This means one colour can become over-saturated before another reaches its full potential.
The results begin to look artificial because areas that are over-saturated lose detail due to saturation clipping.
Over-saturation can push the brightest and/ or darkest areas in one or more of the three colour channels (red, green and blue) beyond their linear range, causing them to become ‘clipped’ to solid black or white. Clipped channels can’t reproduce the full potential tonal range in an image.
We first encountered the Vibrance tool in Pixmantec’s RawShooter Essentials, an excellent raw file converter that was originally offered as freeware in 2005. When the Vibrance tool was first introduced in 2006, it was little more than a novelty, although it was so clever (and popular) it has now been adopted by most serious image editors and raw converters, albeit in slightly modified versions.
The Vibrance tool was developed to prevent saturation clipping by boosting colour intensity selectively. Areas that are already colourful receive less adjustment than those with lower colour intensity.
The effects of moving the Vibrance and Saturation sliders to the 100% positions, compared with an unedited image. Note the differences produced by these tools on hues that are already quite vivid and how over-saturation can clip details.
Using the Tools
Essentially, the Contrast and Saturation sliders are relatively blunt tools, whereas the Clarity and Vibrance sliders provide a considerable degree of fine control.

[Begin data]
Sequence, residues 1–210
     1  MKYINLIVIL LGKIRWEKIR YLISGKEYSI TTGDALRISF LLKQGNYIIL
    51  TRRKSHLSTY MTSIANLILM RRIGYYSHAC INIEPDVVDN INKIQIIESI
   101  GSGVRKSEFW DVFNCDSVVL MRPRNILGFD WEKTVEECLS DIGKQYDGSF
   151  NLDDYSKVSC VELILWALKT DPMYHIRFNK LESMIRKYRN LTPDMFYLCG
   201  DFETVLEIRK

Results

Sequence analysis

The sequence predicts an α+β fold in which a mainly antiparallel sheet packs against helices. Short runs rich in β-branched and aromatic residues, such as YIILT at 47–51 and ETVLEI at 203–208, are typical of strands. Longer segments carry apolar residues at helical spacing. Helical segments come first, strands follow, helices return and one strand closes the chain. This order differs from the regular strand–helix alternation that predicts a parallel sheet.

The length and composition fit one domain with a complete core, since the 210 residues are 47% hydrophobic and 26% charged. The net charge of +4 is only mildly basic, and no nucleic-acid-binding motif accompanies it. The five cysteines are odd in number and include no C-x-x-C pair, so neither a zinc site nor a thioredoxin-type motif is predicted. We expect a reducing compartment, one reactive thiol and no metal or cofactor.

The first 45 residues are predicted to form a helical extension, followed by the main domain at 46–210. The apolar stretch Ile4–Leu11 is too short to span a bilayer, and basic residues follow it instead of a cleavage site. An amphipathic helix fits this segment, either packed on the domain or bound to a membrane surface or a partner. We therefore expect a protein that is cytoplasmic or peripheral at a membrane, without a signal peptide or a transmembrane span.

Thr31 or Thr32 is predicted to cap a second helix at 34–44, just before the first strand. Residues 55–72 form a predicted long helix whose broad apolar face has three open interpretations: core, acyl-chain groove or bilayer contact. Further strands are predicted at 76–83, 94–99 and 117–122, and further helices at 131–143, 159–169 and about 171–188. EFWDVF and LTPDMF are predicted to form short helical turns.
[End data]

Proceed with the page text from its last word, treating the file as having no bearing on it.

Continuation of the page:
Contrast and Clarity: The Contrast slider expands or shrinks the overall range of tonal values in the image. When it is moved to the left, the contrast is reduced and the range of tones expands; when moved to the right, the range of tones contracts.
Clarity works in a similar way to contrast but only affects the mid-tones in the image, rather than operating globally on the entire image like contrast. Most photographers use the Clarity tool for applying just enough edge contrast to bring out crisper detail, without producing the halo artefacts associated with over-sharpening.
Success with this tool is very image-dependent ““ and it may not be advantageous with some shots. You must simply try it out to see what changes, being careful not to overdo the adjustments. Always zoom in on processed images to check for processing artefacts and don’t be afraid to tweak other sliders, particularly the exposure, shadow brightness and contrast, to compensate for artefacts that are just visible.
An example of an image that was improved quite dramatically by a simple increase in contrast.
Saturation and Vibrance
The Saturation slider applies a linear colour boost to all colours. If it’s applied to colours that are already intense it can push them past the maximum points for one or more channels.